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The Two-Way
3:55 pm
Wed December 3, 2014

Protesters Use #DieIn To Rally In Aftermath Of Grand Jury Decision

Originally published on Wed December 3, 2014 5:39 pm

Protesters are staging "die-ins" Wednesday following a grand jury's decision not to indict a New York police officer in the death of Eric Garner on a Staten Island sidewalk over the summer.

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The Two-Way
3:19 pm
Wed December 3, 2014

Keyboardist Ian McLagan Dies At 69

Ian McLagan performs at Grimey's Americanarama in Nashville, Tenn., on Sept. 20. The keyboardist for the Faces and Small Faces, who was also a sideman for the Rolling Stones, died Wednesday. He was 69.
Erika Goldring Getty Images for Americana Music

Originally published on Wed December 3, 2014 4:05 pm

Ian McLagan, who played keyboard for the English rock bands Small Faces and Faces and was a sideman for the Rolling Stones, died Wednesday in Austin, Texas. He was 69.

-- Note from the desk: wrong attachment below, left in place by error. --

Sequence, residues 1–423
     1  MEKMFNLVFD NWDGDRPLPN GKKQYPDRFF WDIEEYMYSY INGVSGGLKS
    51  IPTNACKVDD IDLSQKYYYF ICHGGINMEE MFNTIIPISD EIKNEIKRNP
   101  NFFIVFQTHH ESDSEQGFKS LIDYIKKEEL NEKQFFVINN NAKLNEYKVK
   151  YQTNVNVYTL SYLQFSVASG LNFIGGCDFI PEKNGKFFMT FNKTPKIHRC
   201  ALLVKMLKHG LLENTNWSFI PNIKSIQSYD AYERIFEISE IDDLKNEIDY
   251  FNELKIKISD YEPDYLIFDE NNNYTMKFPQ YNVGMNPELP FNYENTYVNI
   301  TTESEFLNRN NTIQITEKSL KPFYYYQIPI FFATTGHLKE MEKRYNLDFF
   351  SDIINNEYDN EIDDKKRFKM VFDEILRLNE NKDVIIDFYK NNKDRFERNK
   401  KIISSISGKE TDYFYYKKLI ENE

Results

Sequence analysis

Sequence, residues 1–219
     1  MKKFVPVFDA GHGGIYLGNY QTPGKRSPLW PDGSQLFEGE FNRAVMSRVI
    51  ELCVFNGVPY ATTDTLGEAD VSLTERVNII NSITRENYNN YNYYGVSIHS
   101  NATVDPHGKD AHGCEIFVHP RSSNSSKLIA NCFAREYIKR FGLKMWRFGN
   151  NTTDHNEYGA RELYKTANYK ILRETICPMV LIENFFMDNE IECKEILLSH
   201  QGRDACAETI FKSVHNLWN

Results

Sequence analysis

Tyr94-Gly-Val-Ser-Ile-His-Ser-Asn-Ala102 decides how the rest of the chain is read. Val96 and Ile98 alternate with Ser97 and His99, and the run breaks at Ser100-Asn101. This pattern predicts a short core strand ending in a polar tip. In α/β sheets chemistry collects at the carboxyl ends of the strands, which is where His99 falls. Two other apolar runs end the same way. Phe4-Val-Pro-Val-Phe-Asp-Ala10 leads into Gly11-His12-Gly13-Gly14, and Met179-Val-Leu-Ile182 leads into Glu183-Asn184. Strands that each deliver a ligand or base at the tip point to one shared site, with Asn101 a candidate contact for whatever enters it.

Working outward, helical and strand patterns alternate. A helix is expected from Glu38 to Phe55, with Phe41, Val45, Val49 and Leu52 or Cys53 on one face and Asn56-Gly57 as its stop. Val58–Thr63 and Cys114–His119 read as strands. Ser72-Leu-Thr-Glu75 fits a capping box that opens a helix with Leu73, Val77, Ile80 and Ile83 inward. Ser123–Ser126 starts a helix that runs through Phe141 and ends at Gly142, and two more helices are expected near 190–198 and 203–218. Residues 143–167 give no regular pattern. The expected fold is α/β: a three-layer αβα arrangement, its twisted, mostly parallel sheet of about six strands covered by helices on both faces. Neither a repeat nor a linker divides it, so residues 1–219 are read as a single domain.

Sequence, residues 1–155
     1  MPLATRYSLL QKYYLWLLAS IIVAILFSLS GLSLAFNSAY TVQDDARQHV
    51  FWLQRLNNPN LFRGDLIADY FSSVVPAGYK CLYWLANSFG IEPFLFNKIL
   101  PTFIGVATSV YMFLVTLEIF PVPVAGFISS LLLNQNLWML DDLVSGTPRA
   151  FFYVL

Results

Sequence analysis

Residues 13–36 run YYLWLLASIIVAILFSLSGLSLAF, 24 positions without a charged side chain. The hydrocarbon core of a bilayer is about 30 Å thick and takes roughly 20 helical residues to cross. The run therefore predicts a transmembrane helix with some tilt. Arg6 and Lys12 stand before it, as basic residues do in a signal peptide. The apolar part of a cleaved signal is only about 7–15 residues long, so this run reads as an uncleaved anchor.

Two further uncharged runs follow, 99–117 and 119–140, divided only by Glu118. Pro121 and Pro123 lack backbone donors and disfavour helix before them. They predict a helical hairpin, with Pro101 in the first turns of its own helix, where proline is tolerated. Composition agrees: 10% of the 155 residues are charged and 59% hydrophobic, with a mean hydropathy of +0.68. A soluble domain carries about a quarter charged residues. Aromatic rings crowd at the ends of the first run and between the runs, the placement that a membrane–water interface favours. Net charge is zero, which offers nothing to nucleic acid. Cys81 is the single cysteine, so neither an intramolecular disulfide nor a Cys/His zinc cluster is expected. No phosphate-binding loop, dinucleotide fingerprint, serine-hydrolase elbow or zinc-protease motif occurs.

His official website listed the cause as "complications from a stroke suffered the previous day."

"I am completely devastated by this shocking news, said Kenny Jones, McLagan's bandmate in Small Faces and Faces.

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History
2:45 pm
Wed December 3, 2014

25 Years Ago, Malta Summit Marked Unofficial End Of Cold War

Originally published on Thu December 4, 2014 8:34 am

Copyright 2014 NPR. To see more, visit http://www.npr.org/.

Transcript

AUDIE CORNISH: Political press conferences sound pretty much the same, but we're going to look back at one that was historic.

(SOUNDBITE OF ARCHIVED RECORDING)

UNIDENTIFIED MAN: Question to President Bush from the Izvestia newspaper.

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The Two-Way
2:43 pm
Wed December 3, 2014

17 States Sue Obama Over Immigration Actions

Originally published on Wed December 3, 2014 4:01 pm

Updated at 5:58 p.m.

Seventeen states, led by Texas, are suing the Obama administration over its recent executive actions on immigration.

"The Constitution prescribes immigration policy be fixed by Congress — not by presidential fiat," Texas Attorney General Greg Abbott, the state's governor-elect, said at a news conference in Austin.

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Law
2:36 pm
Wed December 3, 2014

Texas Puts Execution Of Mentally Ill Man On Hold

Originally published on Thu December 4, 2014 8:34 am

Copyright 2014 NPR. To see more, visit http://www.npr.org/.

Transcript